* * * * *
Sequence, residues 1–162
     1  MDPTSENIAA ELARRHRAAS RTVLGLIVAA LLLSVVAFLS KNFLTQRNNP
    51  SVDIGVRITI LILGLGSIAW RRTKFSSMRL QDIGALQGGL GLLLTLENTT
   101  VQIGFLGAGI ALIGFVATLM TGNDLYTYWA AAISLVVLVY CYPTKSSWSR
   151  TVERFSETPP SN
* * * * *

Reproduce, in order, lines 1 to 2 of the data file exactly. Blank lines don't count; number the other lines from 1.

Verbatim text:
Sequence, residues 1–162
     1  MDPTSENIAA ELARRHRAAS RTVLGLIVAA LLLSVVAFLS KNFLTQRNNP